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August 19, 2001

Addressing Human Rights Violations of U.S. Scholars

In a unanimous resolution, the Council of the American Sociological Association (ASA) called upon the U.S. government to strengthen its resolve to protect the safety and well-being of scholars engaged in scientific research in countries where basic freedoms do not exist. In a strongly worded resolution, the ASA expressed a sense of urgency about the sharp increase in the detainment of scholars around the world, and the chilling effect that these arrests and convictions have on the conduct of independent social research. The resolution urged the U.S. State Department to take a more vigorous stand on behalf of scholars working under repressive political systems, and to speak out assertively in support of academic freedom.

ASA President Douglas Massey announced the resolution at a press conference on August 20th at the Annual Meeting of the ASA in Anaheim, California. The Council resolution emphasizes the urgency regarding the threats to the academic freedom of the social sciences, especially sociology, in China, Egypt, and other countries. Massey said that recent positive developments-particularly the releases of Li Shaomin, Gao Zhan, and Qin Guangguang-are by no means the solution to the underlying problems. Many other social scientists remain incarcerated, such as the Egyptian-American research and human rights and democracy advocate Dr. Saad Eddin Ibrahim and several of his colleagues. The threats to sociological and other social science research have not receded. If anything, they have grown.

The press conference was moderated by ASA Vice President Richard Alba who underscored the importance of the action of taking a strong stance in defense of U.S. scholars undertaking research and academic work abroad. Dr. Craig Calhoun, President of the Social Science Research Council (SSRC), and also a member of the ASA Council, strongly endorsed the Council Resolution and ASA's resolve to challenge these egregious violations of human rights. He said that this is not only an issue of individual rights but of the free production and circulation of knowledge vital to both science and democracy. It affects not only American-based scholars conducting research abroad but all social scientists, including indigenous researchers who may be subject to more pressure with less protection.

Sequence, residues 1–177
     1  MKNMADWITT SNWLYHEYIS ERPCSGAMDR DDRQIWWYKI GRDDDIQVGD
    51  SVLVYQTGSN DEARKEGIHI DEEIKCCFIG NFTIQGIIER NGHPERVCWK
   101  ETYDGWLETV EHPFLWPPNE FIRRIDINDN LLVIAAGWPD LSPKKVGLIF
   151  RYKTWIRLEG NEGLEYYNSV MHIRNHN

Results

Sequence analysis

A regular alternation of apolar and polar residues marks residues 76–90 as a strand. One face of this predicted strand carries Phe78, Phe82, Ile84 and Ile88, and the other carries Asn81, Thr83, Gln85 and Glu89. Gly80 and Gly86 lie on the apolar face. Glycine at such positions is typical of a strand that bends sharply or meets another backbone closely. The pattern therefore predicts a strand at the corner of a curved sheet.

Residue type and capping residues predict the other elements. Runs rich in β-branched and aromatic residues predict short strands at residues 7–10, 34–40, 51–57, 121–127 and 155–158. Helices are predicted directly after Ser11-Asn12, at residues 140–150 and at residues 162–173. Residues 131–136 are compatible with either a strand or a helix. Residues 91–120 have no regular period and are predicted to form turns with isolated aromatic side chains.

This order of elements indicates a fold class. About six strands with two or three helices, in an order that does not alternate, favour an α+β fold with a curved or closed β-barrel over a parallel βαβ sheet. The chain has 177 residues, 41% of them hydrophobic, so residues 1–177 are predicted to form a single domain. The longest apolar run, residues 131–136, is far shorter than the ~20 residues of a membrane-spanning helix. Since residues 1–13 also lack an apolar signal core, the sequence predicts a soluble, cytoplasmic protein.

Massey, Alba, and Calhoun emphasized that convictions of sociologists on charges ranging from spying to national defamation are certain to have a chilling effect on others, as they are no doubt intended to do. President Massey explained that the American Sociological Association is very concerned that sociologists are most at risk because the issues they study inevitably touch on the distribution of power and resources in society and the methods they use frequently involve contact with ordinary citizens, as in surveys or observational studies. Therefore, in this resolution, the ASA calls upon the State Department to go beyond merely working behind the scenes to secure the release and departure of social scientists once they are jailed. The text of the resolution states that

“The ASA calls upon the State Department to go beyond merely working behind the scenes to secure the release and departure of social scientists once they are jailed. It is imperative that the State Department protects foreign-born scientists who are naturalized citizens or permanent U.S. residents with the same vigor it would apply on behalf of U.S.-born citizens; that it asserts and defends the values of free scientific investigation of human society, both for its intrinsic worth and for its ultimately positive consequences for the nations under study; that it does not stand passively by while academic freedoms are systematically repressed abroad, and that it must not itself act to curb research and thereby become a tacit participant in repressing those freedoms.”

In concluding remarks, President Massey and Vice President Alba stated that the U.S. must not stand passively by while academic freedoms are systematically repressed abroad. The U.S. government is well positioned to protect scholars and the free flow of knowledge that undergirds an open society.

The Annual Meeting of the American Sociological Association is being held from August 18-21 at the Hilton Anaheim, Anaheim Marriott, and the Anaheim Convention Center. The American Sociological Association is a non-profit membership organization dedicated to advancing sociology as a scientific discipline and profession serving the public good. The purpose of the Annual Meeting is to meet the scholarly, teaching, training, and practice needs of sociologists and social scientists at every career stage.

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About the American Sociological Association
The American Sociological Association (, founded in 1905, is a non-profit membership association dedicated to serving sociologists in their work, advancing sociology as a science and profession, and promoting the contributions to and use of sociology by society.